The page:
Road Trip: New Orleans

Still unique, still flavorful, and still charmingly unlike any other place in America. Two nights tripping the Big Easy.

By Jessica Blair Howell

There are few streets in America that elicit as salacious a grin upon mention as travel to New Orleans’ legendary Bourbon Street. Its thick air, heavy with the spicy scent of Jambalaya—and spiked with the sharp, rummy notes of a hand-mixed hurricane—serves as a stimulant to the masses. Maybe it’s the intoxicating mix of glitz and grime that fuels the palatable fervor. Or, maybe it’s just the rare opportunity to let loose, allowing NOLA’s unabashedly scandalous personality to pick up wherever yours left off.

Whatever lies behind the mystery of this deep-south city, commonly referred as the northernmost Caribbean island, is an untidy mish-mash of influences that have been swirled together and served straight up. Translation: to travel New Orleans doesn’t disappoint.

Day One: Trading Four Wheels for Two

You’ll cruise into the city on four wheels, but I’m recommending downsizing to two for your first official tour. Bike-tour operator Confederacy of Cruisers offers a three-hour spin that encompasses six miles while the laid-back crew divulges the coolest architectural and historical info bytes. For first-timers, the slow-pace pedal eases you into the locale, highlighting the city’s most charming traits and also educating road trippers of the areas they’ll want to steer clear of.

Once you’ve gotten the lay of the land, you’ll only need to scout out the Saint Louis Cathedral—the oldest U.S. Catholic cathedral in continual use—to find Jackson Square. Plunked down in the heart of the French Quarter, the square teems with local artisans, street performers and reeks of gimmicky souvenirs. It’s tourism at its most obvious, but it’s a box you’ll need to check to consider your NOLA visit official. And while we’re on the topic of boxes that need checking, you absolutely must (must) eschew Weight Watchers for the weekend to indulge in the French delicacy that is the Beignet. Café Du Mond specializes in the deep-fried dough, which is sprinkled with powdered sugar and served up three at a time (really, forget about the diet for a few days—there’s no such thing as “too much” of anything in this town).

Night One: Roundabout on Royal Street

Where to stay? Why not sleep smack in the middle of it all? The landmark Hotel Monteleone on Royal Street is my suggested stay. Not only is the 600-room historic hotel rumored to be haunted, it’s practically the doorway to the French Quarter and boasts one of the city’s most novel watering holes—The Carousel. As you might have guessed, the small-scale bar twirls in true merry-go-round style, concocting authentic blends like Pierre’s Sazarac, an unassumingly strong cocktail that poses as a petite pink pour infused with absinthe.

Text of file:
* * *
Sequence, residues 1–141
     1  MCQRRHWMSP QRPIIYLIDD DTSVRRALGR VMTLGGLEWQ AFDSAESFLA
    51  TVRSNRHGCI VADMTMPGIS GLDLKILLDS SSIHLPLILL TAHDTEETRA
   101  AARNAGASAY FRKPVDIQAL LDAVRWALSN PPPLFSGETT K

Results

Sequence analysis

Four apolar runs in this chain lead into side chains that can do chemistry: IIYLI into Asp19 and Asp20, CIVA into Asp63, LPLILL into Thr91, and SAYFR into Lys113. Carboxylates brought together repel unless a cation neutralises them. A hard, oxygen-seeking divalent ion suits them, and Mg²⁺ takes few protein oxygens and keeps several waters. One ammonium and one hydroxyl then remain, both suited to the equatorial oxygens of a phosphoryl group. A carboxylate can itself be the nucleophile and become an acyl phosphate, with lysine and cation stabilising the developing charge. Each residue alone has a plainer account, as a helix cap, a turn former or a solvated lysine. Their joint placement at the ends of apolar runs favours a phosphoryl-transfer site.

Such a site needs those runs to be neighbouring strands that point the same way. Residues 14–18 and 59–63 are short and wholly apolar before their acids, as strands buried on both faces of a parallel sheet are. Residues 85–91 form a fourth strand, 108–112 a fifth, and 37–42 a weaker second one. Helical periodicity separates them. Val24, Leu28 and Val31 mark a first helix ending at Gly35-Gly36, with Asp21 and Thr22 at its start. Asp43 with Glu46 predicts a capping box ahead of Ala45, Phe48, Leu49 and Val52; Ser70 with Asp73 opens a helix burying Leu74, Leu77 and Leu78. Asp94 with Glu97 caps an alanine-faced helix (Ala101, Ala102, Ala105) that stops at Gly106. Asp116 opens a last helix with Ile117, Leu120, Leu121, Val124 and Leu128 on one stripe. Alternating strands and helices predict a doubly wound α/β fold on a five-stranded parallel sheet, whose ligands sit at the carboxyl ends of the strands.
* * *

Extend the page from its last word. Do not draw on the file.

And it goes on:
Day Two: Dead End at Cemetery #1

Juxtaposing those innocent Creole cottage-lined roadways is the eerily revered St. Louis Cemetery No. One, the most popular and oldest city burial site—and also the alleged resting place of renowned Voodoo Priestess Marie Laveau. Only eight blocks from the Mississippi River, the high water table mandates that the cemetery house only above-ground graves, most of which are from the 18th and 19th centuries. Wander the cemetery, which is laid out over one square block, early in the day to avoid the afternoon siesta-style closing.

Walk back toward the hotel for brunch (9 a.m. – 1 p.m.) at Brennan’s Restaurant on Royal Street, where the decadent dessert bananas foster originated. (Why wouldn’t you put rum in your dessert, anyway?)

Night Two: Frenchmen Street on Foot

If New Orleans is the birthplace of jazz, it’d be a sin not to indulge during your stay. Frenchmen Street is only steps away from the French Quarter, but it feels like a different world. This two-block district is where you’ll find the locals, packed tightly into less-than-flashy music clubs like d.b.a., which is housed in a building built in the 1880s. It’s also where you’ll score a decent deal on drinks… and fittingly, find several diners open late into the night (it’s entirely acceptable to ask for a “go-cup” before you leave if you’ve yet to drain your drink—open alcohol is permitted to pedestrians in NOLA as long as it isn’t in glass or metal). 13 Monaghan serves their menu until 4 a.m. if you need a bite to eat before heading back to the hotel. Don’t let the fourth meal fool you, this is the sophisticated side of NOLA nightlife.

If you’re ready to steer south for a weekend away, remember one thing. On city soil it’s no longer New Orleans. You’ve officially made it to New Awr-linz.

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